Fast and relatively short-term action to curb soot and smog could improve human health, generate higher crop yields, reduce climate change and slow the melting of the Arctic, according to a United Nations-backed study released today. ...

Economy outweights environment in gas drilling, poll finds


Economy outweighs environment in gas drilling, poll finds
abc27
Health News from AP Entertainment News from AP By Myles Snyder - email A majority of Pennsylvanians say the economic benefits of natural gas drilling outweigh the environmental impacts, according to a new poll. The survey by Quinnipiac University found ...

Major Drop In Solar Activity Predicted

Major Drop In Solar Activity Predicted
Boulder CO (SPX) Jun 15, 2011 - A missing jet stream, fading spots, and slower activity near the poles say that our Sun is heading for a rest period even as it is acting up for the first time in years, according to scientists at the National Solar Observatory (NSO) and the Air Force Research Laboratory (AFRL). As the current sunspot cycle, Cycle 24, begins to ramp up toward maximum, independent studies of the solar inter ... more

Gulf Oil Spill Leads to New Seafood Safety Protocols


 
Gulf Oil Spill Leads to New Seafood Safety Protocols
Food Product Design
The latter mindset was critical in establishing protocol for reopening areas for fishing and seafood harvesting following the Gulf oil spill. Sensory analysis became the standard test for reopening various areas; chemical analyses also were used. ...

Curb soot and smog to keep Earth cool, says UN

Curb soot and smog to keep Earth cool, says UN
Sharply reducing emissions of soot and smog could play a critical role in preventing Earth from overheating, according to a UN report released on Tuesday.
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New biofuel sustainability assessment tool and GHG calculator released

New biofuel sustainability assessment tool and GHG calculator released
Various biofuels, first hailed as a way to a sustainable energy supply, have since fallen out of favor because of the overall negative impact they have on the environment, mainly due to the production of the biogenic fuels – as they should be more aptly termed. Now researchers at Empa, the Swiss Federal Laboratories for Materials Science and Technology, have together with their colleagues at the Swiss Roundtable on Sustainable Biofuels (RSB) and the HTW Berlin, Germany, developed an online tool to assess the sustainability of biofuel production.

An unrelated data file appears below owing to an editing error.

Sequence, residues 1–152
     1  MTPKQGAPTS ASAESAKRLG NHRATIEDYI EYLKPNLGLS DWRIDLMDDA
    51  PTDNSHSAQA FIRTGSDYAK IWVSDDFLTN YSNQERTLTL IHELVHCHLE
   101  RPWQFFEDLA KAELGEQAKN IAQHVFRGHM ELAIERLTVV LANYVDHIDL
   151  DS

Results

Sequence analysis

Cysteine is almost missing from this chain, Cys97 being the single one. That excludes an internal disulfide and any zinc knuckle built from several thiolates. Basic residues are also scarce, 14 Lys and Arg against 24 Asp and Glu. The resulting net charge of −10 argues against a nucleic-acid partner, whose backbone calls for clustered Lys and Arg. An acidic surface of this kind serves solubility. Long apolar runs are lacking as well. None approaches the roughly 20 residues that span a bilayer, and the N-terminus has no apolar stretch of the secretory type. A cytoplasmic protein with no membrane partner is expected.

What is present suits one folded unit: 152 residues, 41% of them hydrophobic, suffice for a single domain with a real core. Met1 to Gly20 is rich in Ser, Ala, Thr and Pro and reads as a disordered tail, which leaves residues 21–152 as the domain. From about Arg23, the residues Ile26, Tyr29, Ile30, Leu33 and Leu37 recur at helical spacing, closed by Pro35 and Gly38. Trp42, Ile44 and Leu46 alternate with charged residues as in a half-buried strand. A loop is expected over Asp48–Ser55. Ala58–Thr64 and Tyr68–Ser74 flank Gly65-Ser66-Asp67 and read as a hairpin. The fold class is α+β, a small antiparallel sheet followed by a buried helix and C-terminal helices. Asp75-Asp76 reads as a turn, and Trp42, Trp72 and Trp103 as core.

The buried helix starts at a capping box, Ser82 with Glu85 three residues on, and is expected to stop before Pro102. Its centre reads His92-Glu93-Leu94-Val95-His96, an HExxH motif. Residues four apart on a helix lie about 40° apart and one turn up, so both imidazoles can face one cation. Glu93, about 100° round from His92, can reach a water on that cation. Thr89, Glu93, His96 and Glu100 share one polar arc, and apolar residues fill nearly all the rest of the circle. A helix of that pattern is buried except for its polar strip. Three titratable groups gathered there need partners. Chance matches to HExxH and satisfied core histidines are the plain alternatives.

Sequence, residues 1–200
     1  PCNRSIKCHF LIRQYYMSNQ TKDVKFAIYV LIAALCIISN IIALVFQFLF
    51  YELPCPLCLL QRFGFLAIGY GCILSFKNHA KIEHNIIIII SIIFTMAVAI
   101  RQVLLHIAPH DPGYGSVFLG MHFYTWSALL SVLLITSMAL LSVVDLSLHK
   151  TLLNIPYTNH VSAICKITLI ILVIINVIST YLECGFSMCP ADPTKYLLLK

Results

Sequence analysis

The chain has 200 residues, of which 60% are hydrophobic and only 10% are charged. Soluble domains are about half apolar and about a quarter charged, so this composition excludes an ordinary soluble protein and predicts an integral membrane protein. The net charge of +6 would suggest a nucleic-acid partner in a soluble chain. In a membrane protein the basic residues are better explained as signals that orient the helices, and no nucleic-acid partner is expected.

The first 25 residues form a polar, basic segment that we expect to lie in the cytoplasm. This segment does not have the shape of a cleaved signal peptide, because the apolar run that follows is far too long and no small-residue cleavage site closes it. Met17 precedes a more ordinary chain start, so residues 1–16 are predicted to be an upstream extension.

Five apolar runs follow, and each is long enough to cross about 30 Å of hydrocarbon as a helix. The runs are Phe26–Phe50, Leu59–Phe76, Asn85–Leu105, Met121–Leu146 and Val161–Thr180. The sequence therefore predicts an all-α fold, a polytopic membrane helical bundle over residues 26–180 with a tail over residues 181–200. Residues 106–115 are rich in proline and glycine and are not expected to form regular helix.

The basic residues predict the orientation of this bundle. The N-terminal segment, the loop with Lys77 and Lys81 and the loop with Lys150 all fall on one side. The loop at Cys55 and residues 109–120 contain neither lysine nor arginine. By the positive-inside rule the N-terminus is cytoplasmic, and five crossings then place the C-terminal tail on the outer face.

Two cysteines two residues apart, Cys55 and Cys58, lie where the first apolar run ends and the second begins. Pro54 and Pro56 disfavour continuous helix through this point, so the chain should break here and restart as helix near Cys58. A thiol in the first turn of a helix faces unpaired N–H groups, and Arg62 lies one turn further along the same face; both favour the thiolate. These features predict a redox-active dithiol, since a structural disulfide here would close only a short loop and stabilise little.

How is the Arctic Ocean changing?

How is the Arctic Ocean changing?
On coming Wednesday, 15 June, the research vessel Polarstern of the German Alfred Wegener Institute for Polar and Marine Research in the Helmholtz Association will set off on its 26th arctic expedition. Over 130 scientists from research institutions in six countries will take part in three legs of the voyage. First of all, at long-term stations oceanographers and biologists will investigate how oceanic currents as well as the animal and plant world are changing between Spitsbergen and Greenland. Beginning in August, physical, biological and chemical changes in the central Arctic will be recorded. RV Polarstern is expected back in Bremerhaven on 7 October.

The EPA's War on Jobs Coal is from Earth, Lisa Jackson is from mercury.

The EPA's War on Jobs

Coal is from Earth, Lisa Jackson is from mercury.

[ RadSafe ] Solution to Global Warming Found Wanting

[ RadSafe ] Solution to Global Warming Found Wanting

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FUKUSHIMA, THE LEFT, AND NUCLEAR POWER by Stuart King

We encourage respectful and thoughtful discussion of their arguments in our Comments section.